Eight city-owned vacant lots in West Baltimore will soon be converted into a sprawling, 20,000-square-foot hub for artists and creatives in Baltimore, complete with studios, an events room and coworking spaces for rent.

The plans, unveiled Thursday at a city planning meeting, also will function as the headquarters for the Mayor’s Office of Cable and Communications, which includes CharmTV, the city’s cable television station. The project, overseen by the Baltimore Development Corp. and co-led by The Civic Group, has secured a roughly $8 million investment from the city from cable franchise fees. It’s not yet clear how much the site will cost.

City government officials said Thursday that the redevelopment along North Avenue will hopefully spur more activity in an underutilized part of the city, just a few blocks to the north of the site of the CVS Pharmacy that burned in 2015 during the unrest in response to the death of Freddie Gray from injuries sustained while in police custody.

The area — once home to a bustling and vibrant thoroughfare with music venues, shops and theaters — has been designed as the state’s only Black Arts and Entertainment District, making it eligible for certain subsidies and tax credits.

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“Our headquarters belongs in the community,” said Maya Gilmore, executive director of cable and communications for CharmTV, in a Thursday statement. “With this new building, we will help shape the future of Penn North and broaden our impact on new partnerships and public engagement.”

Long in the works, the Black arts entertainment district officially received its state designation in 2019. The vision entails updating the corridor with improved streetscapes, lighting, branding and signage.

City officials said Thursday that the new artists’ hub will hopefully have a similar impact on Baltimore entrepreneurs, filmmakers and innovators as creative incubator sites have had on artists in other cities. Such examples include BRIC in Brooklyn; Austin Public in Texas; and PhillyCAM in Philadelphia.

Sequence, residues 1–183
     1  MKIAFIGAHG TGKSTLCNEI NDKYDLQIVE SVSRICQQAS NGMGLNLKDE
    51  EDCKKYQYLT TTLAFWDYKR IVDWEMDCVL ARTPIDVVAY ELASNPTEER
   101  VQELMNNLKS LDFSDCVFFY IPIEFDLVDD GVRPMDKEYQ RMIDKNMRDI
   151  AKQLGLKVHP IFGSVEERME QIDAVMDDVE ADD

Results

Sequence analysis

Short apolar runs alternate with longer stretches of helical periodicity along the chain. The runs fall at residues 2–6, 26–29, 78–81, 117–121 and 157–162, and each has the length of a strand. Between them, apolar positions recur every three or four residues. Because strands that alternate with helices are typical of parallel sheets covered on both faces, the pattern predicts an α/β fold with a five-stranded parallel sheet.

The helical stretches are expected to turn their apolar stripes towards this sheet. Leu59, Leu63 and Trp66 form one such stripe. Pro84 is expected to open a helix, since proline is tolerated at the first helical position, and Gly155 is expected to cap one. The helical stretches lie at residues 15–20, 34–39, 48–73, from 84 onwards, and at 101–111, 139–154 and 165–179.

A coalition composed of the Baltimore Arts Realty Corp., or BARCO, the Baltimore Development Corp. and PI.KL Studio presented the plans Thursday to the city’s Urban Design and Architectural Advisory Panel, which makes recommendations for the city’s Department of Planning to review during the permitting process. The panel’s chairperson, Pavlina Ilieva, is principal and co-founder of PI.KL Studio.

Former City Councilman Leon Pinkett, BARCO’s executive director, said during the presentation that the redevelopment will complement other ongoing projects in the district, including the revitalization of Avenue Market; improvements to the historic Arch Social Club; and the Billie Holiday Monument, which was rededicated in 2009. While a councilman, Pinkett sponsored the City Council resolution that designated the area as a Black Arts and Entertainment District.

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Osborne Anthony, a member of the Urban Design and Architectural Advisory Panel and an architect, commended the team for launching a transformative effort in a “challenging” part of town, calling it “a framework to show how multiple components of a community can work.” And member Sharon Bradley, a registered landscape architect in Washington, D.C., lauded the site as an artistic expression of the effort’s goals and its “whimsical” design.